Here’s a link to more information on planning your backcountry meals at home. A pretty simple strategy and can be easily altered for more variety…..

      http://blog.nols.edu/2016/04/20/how-to-make-your-own-instant-backpacking-meals/

    • Ed Ashby
      Member
      Post count: 816

      When I lived in Alaska, and frequently made many long backpack hunts, ranging from 10 to 30 days, I made extensive use of the Apollo 17 fruit cake. For Alaska hunting, it always kept fine without any refrigeration (I never tried it in the desert climates). Eaten with a little water, tea or coffee it gave a tremendous energy boost; a big help when hunting the mountains, and it can serve as a complete food supply; nutritionally complete and 2,500 calories per six ounce serving. On top of that, it is easy to make and it taste great. Here’s the details and the recipe.

      According to AP news reports, “this fruitcake so nutritionally complete that a 6-ounce serving provides the daily nutrient and 2,500-a-day calorie requirements for each astronaut.”

      According to the Apollo 17 Press Kit, the nutritionally complete fruitcake provides all the nutrients needed by man in their correct proportions. The fruitcake contains many ingredients such as: soy flour, wheat flour, sugar, eggs, salt, cherries, pineapple, nuts, raisins, and shortening. Vitamins have been added. The product is heat sterilized in an impermeable flexible pouch and is shelf-stable until opened. This fruitcake can provide a nutritious snack or meal. This food is planned for use in the future in the Space Shuttle program as a contingency food system.

      Apollo 17 Fruitcake Recipe

      “SPACE CENTER, Houston (AP) β€” December 18, 1972 β€” The Apollo 17 astronauts kept munching on their own special fruitcake during man’s last planned flight to and from the moon. You might want to put it on your Christmas surprise menu.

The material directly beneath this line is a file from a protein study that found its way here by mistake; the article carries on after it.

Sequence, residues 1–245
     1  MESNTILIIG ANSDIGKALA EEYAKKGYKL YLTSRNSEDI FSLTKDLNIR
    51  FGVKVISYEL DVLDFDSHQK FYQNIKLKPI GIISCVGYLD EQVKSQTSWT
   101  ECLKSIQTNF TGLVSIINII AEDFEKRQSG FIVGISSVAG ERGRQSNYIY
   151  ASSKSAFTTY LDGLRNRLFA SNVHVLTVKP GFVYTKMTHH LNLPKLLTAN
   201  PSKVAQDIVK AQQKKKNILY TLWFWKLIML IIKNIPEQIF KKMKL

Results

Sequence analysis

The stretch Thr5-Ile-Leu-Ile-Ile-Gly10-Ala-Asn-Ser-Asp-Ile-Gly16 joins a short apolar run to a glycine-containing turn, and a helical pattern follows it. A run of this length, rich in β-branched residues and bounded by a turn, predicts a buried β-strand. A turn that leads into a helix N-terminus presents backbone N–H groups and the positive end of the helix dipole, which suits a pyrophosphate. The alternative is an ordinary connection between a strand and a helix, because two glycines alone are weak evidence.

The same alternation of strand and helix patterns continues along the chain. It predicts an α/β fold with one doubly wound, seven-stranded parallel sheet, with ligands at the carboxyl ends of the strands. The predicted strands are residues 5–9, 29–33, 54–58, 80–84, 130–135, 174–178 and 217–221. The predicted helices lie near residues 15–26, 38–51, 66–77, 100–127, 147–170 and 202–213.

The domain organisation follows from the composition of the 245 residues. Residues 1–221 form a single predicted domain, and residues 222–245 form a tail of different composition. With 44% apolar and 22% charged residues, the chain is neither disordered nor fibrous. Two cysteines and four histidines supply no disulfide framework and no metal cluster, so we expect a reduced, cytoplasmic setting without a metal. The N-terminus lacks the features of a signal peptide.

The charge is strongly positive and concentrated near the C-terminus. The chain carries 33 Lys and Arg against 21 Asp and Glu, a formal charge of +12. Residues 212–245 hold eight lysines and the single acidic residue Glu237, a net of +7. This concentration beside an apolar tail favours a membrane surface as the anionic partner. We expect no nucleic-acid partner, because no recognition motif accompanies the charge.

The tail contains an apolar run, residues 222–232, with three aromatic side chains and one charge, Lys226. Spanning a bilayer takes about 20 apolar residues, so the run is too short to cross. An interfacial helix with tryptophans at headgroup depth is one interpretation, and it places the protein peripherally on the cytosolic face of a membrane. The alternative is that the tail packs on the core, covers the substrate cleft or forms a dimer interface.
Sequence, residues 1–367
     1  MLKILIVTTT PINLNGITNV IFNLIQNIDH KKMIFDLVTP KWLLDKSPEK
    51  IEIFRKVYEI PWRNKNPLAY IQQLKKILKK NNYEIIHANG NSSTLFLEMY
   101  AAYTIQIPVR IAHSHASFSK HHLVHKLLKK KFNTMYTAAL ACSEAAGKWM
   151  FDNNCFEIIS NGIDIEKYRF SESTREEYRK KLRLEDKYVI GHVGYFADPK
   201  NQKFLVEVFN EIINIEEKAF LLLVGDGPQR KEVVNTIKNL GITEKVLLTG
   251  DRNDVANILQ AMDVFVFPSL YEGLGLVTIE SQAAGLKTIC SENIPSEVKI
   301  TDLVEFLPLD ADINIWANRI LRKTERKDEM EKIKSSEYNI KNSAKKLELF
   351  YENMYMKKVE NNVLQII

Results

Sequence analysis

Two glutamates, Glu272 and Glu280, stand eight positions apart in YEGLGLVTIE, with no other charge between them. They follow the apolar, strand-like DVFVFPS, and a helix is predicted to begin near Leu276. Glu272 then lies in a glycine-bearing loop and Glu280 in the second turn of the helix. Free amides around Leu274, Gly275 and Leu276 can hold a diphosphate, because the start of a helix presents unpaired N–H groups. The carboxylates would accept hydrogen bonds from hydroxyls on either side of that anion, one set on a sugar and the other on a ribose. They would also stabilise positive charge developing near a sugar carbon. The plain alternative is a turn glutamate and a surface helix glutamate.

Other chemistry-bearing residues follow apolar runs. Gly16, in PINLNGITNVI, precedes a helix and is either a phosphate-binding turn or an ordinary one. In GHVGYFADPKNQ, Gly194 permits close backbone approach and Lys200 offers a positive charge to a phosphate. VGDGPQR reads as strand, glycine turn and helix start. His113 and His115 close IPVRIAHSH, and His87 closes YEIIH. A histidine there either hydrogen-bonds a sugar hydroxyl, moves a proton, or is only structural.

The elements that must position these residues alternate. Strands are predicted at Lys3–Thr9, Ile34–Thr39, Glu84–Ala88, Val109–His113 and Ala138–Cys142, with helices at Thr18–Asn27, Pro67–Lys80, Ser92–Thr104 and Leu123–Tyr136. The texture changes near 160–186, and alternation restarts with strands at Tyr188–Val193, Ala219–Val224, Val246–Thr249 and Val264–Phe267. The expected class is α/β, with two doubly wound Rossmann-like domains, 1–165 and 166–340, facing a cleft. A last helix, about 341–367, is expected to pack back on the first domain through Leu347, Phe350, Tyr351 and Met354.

At the request of The Associated Press, U.S. Army Laboratories at Natick, Mass., scaled down the recipe for “Astronaut Fruitcake” and tested it for baking in home kitchens.

      The following recipe will yield about two pounds. It may be baked in ten 3-ounce sizes or in two 1-pound coffee cans.

      Ingredients:

      2/3 cup sifted cake flour

      1/2 cup plus 3 tablespoons soy flour

      1/2 teaspoon salt

      1 teaspoon baking powder

      1/4 teaspoon ground cloves

      1/4 teaspoon nutmeg

      1/2 teaspoon cinnamon

      3/4 cup sugar

      5 tablespoons shortening

      1 extra large egg

      1 1/2 tablespoons water

      1 cup light raisins

      1 1/2 tablespoons water

      1/2 cup halves candied cherries

      1/3 cup candied pineapple in 1/2-inch dices

      1 cup pecan pieces

      Instructions:

      Mix and sift together flours, salt, baking powder and spices. Set aside. Cream sugar and shortening together thoroughly. Add egg to creamed mixture and mix thoroughly. Blend in dry ingredients and water. Fold fruit and nuts into batter, mix until evenly distributed.

      Ten 3-ounce cakes: To form each 3-ounce cake, place 1/2 cup batter on 12-inch square of heavy duty foil, or a double thickness of regular foil. Flatten batter to depth of 3/4 inch. Fold sides around cake batter, then fold up edges of foil so batter is tightly wrapped and will not lose moisture during baking. Bake 1 hour at 300 degrees F. Allow to cool thoroughly – preferably overnight – before unwrapping and serving. (I left mine sealed in the heavy duty foil and froze them until ready to go on the hunt.)

      Two 1-pound cakes: Place half the batter in each of two 1-pound coffee cans. Cover top of can with foil and crimp edges to form seal. Bake upright in a pan of water in 300 degree F oven for 3 1/2 hours. Be sure the foil does not touch the water in the pan, as it may draw up water into the cake during the baking.”

      Source: Associated Press news release, published in various papers: San Mateo Times – Saturday, December 16, 1972 – San Mateo, California, page 7.

      Ed

    • David CoulterDavid Coulter
      Member
      Post count: 2261

      Ed, ever hear your hiking buddies say, “here comes fruitcake?” Dwc

    • Ed Ashby
      Member
      Post count: 816

      Only the tired and hungry ones! – Ed

    • wTk
      Member
      Post count: 103

      Thanks Ed, I’ll be trying this one. Hope all is still well with you,

      Galen